Behind the Scenes: How I develop my settings (Part 1 - real places)
Thursday, July 20, 2023

I just spent two days learning everything I could about the abandoned subway structures under Philadelphia (which I didn't even realized existed until about three days ago). Before that, I used Google Maps to virtually walk the Northwest Territories of Canada in search of the perfect, secluded spot for a secret conclave.
Setting my stories in real world places helps ground the otherwise fantastic tales and (hopefully) makes them more believable, thereby allowing readers to fully embrace the less mundane bits without any hiccups. It adds a sense of "this could be true" to the tale. But crafting fantasy settings out of real places comes with its own set of pitfalls. I have to be careful when using real names, real businesses, real streets even. What if a restaurant I mention closes? The book is now dated. What if I describe a specific plaza wrong and someone who lives there notices? They'll get caught up in the inconsistencies and taken out of the story. I have to be careful, but I think it’s worth the risk.
I’m curious how other writers come up with the setting for their stories. I usually have the basics of my entire story, the outline, if you will, figured out before I know where a story is going to happen. Then I spend some time brainstorming on what features would best bring out the conflict, what I need logistically to make the story work, and what sort of environment fits the mood/theme of the story. Take my current short story for example.
I needed several connected but out-of-the way places that could be creepy/scary where people could fight without anyone noticing. An abandoned building would work, but where could I find three such buildings close together without straining believability? The subway! There are lots of stretches of tunnels, and not all of them are in use at any given time. They’re also a way to travel unseen through the city. Bonus! I can now connect several locations via these creepy passages, and at least one fight can happen in the tunnels themselves.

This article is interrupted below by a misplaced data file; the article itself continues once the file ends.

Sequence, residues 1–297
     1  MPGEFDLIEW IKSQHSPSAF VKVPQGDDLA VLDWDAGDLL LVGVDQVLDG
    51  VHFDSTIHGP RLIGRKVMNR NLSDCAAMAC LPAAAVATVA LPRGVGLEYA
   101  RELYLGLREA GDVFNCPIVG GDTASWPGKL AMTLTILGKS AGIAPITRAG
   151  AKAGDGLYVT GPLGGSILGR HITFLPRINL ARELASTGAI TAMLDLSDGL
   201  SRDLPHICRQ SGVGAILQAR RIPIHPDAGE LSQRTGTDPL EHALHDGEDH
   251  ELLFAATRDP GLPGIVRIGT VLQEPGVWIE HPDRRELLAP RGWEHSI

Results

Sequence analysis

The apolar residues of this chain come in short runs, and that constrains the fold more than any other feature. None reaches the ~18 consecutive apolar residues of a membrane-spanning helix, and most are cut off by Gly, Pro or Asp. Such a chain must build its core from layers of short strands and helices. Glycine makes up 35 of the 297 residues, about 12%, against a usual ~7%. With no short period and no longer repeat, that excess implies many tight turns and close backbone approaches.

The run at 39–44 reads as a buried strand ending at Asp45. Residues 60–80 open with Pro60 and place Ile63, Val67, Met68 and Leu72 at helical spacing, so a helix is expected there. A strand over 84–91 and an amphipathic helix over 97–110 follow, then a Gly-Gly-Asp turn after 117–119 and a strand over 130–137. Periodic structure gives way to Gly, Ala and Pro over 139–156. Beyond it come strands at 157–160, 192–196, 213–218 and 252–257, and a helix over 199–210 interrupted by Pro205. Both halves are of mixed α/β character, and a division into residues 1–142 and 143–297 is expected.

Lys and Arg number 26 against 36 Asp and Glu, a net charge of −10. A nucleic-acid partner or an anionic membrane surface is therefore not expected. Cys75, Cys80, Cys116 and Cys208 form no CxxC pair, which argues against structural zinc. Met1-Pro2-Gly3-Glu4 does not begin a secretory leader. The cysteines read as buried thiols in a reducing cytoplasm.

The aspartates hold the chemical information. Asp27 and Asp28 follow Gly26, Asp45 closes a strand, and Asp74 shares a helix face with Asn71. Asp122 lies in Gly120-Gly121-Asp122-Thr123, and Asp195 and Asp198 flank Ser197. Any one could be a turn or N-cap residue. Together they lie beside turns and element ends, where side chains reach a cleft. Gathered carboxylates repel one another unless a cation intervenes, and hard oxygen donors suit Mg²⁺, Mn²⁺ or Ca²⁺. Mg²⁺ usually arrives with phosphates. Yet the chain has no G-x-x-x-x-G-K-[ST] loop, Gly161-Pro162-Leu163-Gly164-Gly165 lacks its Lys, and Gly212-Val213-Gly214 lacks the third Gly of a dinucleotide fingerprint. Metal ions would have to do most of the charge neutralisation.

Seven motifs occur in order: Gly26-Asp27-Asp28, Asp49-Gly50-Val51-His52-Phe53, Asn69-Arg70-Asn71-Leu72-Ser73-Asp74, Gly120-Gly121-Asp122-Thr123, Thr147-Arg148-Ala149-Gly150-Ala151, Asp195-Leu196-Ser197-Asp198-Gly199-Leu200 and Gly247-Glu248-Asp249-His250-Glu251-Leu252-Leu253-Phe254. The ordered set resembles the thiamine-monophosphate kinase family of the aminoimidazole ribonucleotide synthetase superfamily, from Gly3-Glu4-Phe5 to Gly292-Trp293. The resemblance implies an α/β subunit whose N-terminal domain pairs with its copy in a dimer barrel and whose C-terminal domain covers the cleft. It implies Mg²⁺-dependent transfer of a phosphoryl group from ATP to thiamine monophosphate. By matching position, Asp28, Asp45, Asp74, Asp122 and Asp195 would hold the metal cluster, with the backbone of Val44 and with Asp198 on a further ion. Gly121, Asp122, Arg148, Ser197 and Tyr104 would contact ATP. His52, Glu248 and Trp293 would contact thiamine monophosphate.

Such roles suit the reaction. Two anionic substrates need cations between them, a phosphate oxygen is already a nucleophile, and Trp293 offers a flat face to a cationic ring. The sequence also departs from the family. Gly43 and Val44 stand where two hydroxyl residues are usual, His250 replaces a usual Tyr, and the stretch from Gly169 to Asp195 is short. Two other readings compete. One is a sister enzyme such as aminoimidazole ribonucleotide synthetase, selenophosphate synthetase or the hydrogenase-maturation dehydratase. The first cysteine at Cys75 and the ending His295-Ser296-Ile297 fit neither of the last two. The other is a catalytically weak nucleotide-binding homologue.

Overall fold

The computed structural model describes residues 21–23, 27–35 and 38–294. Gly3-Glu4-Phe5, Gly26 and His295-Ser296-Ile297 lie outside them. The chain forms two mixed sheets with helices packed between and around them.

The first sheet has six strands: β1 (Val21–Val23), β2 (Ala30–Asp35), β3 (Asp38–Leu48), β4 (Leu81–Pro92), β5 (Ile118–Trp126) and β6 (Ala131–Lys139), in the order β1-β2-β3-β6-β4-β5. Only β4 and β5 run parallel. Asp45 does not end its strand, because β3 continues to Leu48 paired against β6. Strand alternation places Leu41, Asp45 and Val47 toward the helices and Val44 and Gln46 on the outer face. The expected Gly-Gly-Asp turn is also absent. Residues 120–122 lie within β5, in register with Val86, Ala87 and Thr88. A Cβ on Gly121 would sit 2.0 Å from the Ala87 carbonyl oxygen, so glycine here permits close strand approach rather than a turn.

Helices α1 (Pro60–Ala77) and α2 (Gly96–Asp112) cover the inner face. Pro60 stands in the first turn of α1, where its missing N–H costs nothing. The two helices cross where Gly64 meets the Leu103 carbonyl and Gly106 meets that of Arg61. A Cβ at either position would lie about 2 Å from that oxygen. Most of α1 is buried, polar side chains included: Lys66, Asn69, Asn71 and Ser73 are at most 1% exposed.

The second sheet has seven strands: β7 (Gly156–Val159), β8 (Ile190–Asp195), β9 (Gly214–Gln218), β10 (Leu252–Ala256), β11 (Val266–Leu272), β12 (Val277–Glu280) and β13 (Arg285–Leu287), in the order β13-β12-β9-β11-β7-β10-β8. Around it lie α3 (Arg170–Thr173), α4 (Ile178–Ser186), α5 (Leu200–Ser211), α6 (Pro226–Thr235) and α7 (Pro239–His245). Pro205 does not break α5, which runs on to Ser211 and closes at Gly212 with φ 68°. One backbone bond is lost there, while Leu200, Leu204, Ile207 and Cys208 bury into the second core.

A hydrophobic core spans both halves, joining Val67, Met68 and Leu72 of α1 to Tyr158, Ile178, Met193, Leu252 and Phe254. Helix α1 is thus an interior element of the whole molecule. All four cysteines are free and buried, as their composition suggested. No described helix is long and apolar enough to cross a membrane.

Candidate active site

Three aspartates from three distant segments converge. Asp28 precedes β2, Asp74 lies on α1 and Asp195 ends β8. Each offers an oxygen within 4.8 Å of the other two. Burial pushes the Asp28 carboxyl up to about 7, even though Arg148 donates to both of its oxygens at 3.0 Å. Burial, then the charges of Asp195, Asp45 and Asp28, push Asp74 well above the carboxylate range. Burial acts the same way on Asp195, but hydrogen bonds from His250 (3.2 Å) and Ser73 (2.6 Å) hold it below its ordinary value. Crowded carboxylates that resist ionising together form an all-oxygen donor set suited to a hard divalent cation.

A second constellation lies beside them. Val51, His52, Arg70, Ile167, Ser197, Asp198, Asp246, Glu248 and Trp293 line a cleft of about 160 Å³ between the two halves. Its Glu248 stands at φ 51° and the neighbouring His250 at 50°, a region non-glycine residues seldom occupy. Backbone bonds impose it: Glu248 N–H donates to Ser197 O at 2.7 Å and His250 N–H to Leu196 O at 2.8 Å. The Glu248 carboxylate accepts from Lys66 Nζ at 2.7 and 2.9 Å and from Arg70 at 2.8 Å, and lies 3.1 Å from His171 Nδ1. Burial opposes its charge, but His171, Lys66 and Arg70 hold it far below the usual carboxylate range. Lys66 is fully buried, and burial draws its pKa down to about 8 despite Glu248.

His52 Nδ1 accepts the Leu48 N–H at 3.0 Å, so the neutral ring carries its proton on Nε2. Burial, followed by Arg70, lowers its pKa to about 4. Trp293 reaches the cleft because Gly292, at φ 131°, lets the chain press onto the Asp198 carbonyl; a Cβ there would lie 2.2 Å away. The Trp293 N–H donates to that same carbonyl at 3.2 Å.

Next step, find out which cities have subways. I didn’t want to do New York. The New York subways get enough attention. I settled on Philadelphia. Then I started drilling down into maps and neighborhood descriptions, and lo and behold, what should I find but a rich history of planned and abandoned subway construction. A partially complete underground pedestrian concourse. Several sections of sealed-off tunnels beneath China Town. A derelict station that’s become a graffiti mecca. I’d struck gold! Not one but ALL of my scenes could find a home in this sprawling underground labyrinth, and I didn’t even have to stretch the truth. History is rich with such gems if we’re lucky (and diligent) enough to find them, and those nuggets of truth can bring a story to life.
All this is not to say I don’t LOVE completely imagined settings. Maybe I’ll write a post about creating the totally fantastical fae realms from my Magicsmith series. ;) The point is, while research is by far the most time-consuming part of my writing process, and I sometimes feel not very productive on research days because my word count doesn’t go up, having a solid setting can add a wonderful, engaging dimension to your story—more than just making sure your characters aren’t floating in empty space.